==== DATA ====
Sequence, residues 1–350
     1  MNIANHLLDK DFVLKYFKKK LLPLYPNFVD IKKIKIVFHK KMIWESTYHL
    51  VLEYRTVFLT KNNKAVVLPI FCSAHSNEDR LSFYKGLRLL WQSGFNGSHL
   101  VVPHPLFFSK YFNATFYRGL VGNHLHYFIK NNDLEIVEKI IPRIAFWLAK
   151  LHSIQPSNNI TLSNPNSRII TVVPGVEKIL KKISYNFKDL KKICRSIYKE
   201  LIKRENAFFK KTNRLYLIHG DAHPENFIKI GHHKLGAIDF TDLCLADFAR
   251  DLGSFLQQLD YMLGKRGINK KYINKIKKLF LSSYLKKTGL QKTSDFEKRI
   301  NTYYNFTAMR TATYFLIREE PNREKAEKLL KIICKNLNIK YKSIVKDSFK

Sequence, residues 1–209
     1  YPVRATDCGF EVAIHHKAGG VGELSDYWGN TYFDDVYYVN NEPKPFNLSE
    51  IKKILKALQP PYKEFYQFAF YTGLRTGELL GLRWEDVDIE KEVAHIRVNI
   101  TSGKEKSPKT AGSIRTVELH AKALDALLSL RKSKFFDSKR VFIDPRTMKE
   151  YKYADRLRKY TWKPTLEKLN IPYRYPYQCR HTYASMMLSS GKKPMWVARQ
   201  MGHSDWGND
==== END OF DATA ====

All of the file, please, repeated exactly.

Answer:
Sequence, residues 1–350
     1  MNIANHLLDK DFVLKYFKKK LLPLYPNFVD IKKIKIVFHK KMIWESTYHL
    51  VLEYRTVFLT KNNKAVVLPI FCSAHSNEDR LSFYKGLRLL WQSGFNGSHL
   101  VVPHPLFFSK YFNATFYRGL VGNHLHYFIK NNDLEIVEKI IPRIAFWLAK
   151  LHSIQPSNNI TLSNPNSRII TVVPGVEKIL KKISYNFKDL KKICRSIYKE
   201  LIKRENAFFK KTNRLYLIHG DAHPENFIKI GHHKLGAIDF TDLCLADFAR
   251  DLGSFLQQLD YMLGKRGINK KYINKIKKLF LSSYLKKTGL QKTSDFEKRI
   301  NTYYNFTAMR TATYFLIREE PNREKAEKLL KIICKNLNIK YKSIVKDSFK

Sequence, residues 1–209
     1  YPVRATDCGF EVAIHHKAGG VGELSDYWGN TYFDDVYYVN NEPKPFNLSE
    51  IKKILKALQP PYKEFYQFAF YTGLRTGELL GLRWEDVDIE KEVAHIRVNI
   101  TSGKEKSPKT AGSIRTVELH AKALDALLSL RKSKFFDSKR VFIDPRTMKE
   151  YKYADRLRKY TWKPTLEKLN IPYRYPYQCR HTYASMMLSS GKKPMWVARQ
   201  MGHSDWGND